Wednesday, March 13, 2013
Family members say Inez "Renee" Baker was a hard-working, family-oriented woman.
Inez "Renee" Baker, the civilian contractor and Army veteran from Cayce who was killed Friday during an attack at a U.S. military base in Afghanistan, is described by her family as a woman of faith who was proud to be a soldier, according to reports. “She loved being a soldier,” her youngest son Andre Odom told The State newspaper. “She was proud of being a soldier.” The attack happened when three men wearing Afghan military uniforms forced their way onto the base and opened fire, according to the Associated Press. Baker, a 1979 graduate of Brookland-Cayce High School, leaves behind two sons, 22-year-old Andre Odom and 28-year-old Larry Mitchell Jr., according to The State. Funeral arrangements will be announced by Pearson's Funeral Home …
Friday, February 22, 2013
The 150 members of the 122nd Engineer Battalion will be deployed to Afghanistan following training in Texas.
Here is the full release from the S.C. National Guard: The South Carolina National Guard’s 122nd Engineer Battalion will hold a departure ceremony and casing of the colors for approximately 150 deploying Soldiers Saturday, Feb. 23, at Lexington High School, Lexington, S.C. The ceremony will begin in the gymnasium promptly at 10 a.m. From South Carolina, the unit will travel to Texas for training prior to departing for Afghanistan. The 122nd Engineers will be mobilized and deployed for approximately 12 months. The 122nd Engineers mission is to train Afghan National Army (ANA) Engineer units, perform construction and deconstruction operations, and conduct route clearance in order to support the drawdown of U.S. Forces. “Elements of the …
Wednesday, January 9, 2013
The fourth-grade students collected goods to send to help children in Afghanistan.
Saxe Gotha Elementary students, staff and parents recently donated goods for children in Afghanistan. The son of Saxe Gotha Elementary Math Coach Sandy Bressette is an Army Special Forces soldier stationed in a remote village in the mountains of Afghanistan. A part of his team’s mission is to build community with the local people, and the Saxe Gotha family collected clothing and food items to help with this mission. Submitted by Lexington One.
Thursday, June 21, 2012
Two other Guardsmen from Columbia and Easley also killed in Wednesday suicide bombing attack in Afghanistan's war-torn Khost Province.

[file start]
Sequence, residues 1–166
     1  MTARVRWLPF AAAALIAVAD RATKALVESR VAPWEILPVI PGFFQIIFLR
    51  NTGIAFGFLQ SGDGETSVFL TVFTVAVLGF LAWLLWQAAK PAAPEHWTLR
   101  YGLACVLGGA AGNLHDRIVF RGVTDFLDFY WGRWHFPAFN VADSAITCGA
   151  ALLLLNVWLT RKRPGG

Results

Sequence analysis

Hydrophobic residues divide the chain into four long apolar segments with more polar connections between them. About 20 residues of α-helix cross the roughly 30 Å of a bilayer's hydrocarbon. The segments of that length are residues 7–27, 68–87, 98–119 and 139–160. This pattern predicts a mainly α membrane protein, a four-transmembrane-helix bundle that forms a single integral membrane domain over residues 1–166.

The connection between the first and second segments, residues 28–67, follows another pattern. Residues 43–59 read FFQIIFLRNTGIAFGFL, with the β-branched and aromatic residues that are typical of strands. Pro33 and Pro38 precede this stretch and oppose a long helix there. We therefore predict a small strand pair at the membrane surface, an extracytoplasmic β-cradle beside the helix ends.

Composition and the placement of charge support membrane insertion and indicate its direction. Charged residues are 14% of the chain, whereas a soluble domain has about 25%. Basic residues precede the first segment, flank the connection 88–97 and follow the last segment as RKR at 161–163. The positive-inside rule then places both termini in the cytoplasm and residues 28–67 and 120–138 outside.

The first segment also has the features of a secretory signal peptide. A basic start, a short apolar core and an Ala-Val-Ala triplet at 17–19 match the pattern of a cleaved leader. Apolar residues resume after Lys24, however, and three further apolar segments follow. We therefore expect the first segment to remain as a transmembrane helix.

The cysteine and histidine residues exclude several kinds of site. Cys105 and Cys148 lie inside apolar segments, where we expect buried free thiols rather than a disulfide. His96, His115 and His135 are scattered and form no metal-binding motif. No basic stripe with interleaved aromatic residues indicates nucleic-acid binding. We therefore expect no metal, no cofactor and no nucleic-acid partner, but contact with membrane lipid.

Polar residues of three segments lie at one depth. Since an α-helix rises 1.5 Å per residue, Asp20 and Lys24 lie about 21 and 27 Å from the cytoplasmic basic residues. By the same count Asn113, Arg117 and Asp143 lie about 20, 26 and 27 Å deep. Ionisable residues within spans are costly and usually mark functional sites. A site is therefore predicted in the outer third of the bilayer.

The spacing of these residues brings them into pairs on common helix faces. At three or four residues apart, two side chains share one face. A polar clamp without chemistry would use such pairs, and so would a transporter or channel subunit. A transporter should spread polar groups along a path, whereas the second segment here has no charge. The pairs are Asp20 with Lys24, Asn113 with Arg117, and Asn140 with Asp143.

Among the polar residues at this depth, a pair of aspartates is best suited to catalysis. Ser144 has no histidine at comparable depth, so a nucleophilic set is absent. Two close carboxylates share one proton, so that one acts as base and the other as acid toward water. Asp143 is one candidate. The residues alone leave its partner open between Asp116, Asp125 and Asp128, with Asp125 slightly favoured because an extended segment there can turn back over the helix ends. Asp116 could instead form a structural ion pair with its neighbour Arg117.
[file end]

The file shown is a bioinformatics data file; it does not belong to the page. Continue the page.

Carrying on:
Update: 6 p.m. -- In addition to Richland County's Ryan Rawl, the S.C. National Guard has named two other South Carolinians killed in Wednesday's suicide attack in Afghanistan. Maj. Gen. Robert Livingston, Jr, the state's Adjutant General, identified the other soldiers as Spc. John Meador II of Columbia, and Sgt. 1st Class Matthew Bradford "Brad" Thomas of Easley. Five guardsmen were also wounded in the attack, Livingston said. Wednesday’s attack took place in a marketplace in the city of Khost, near the Pakistani border and about 90 miles southeast of the Afghan capital, Kabul, said the Associated Press. The assailant approached on foot through the shops and taxi stands packed with people and then detonated his explosives as he approached…
Saturday, November 12, 2011
Candidates sparred over torture and troop withdrawal in Afghanistan, and some rooted openly for the assassination of foreign scientists
SPARTANBURG — Saturday night's debate at Wofford College showed America that while the eight Republican candidates for president may be likeminded in their aversion to President Barack Obama's policies, their stances on key foreign policy issues are anything but cookie-cutter. The most contentious moments came over a topic that became white hot during President George W. Bush's administration: torture. The question that started the sparring was posed online by Stephen Schafroth, which asked whether or not he supported interrogation techniques that have now been prohibited by Obama's administration. Atlanta businessman Herman Cain, who spent much of his time during the foreign policy debate by saying he'd defer to his military advisors, was…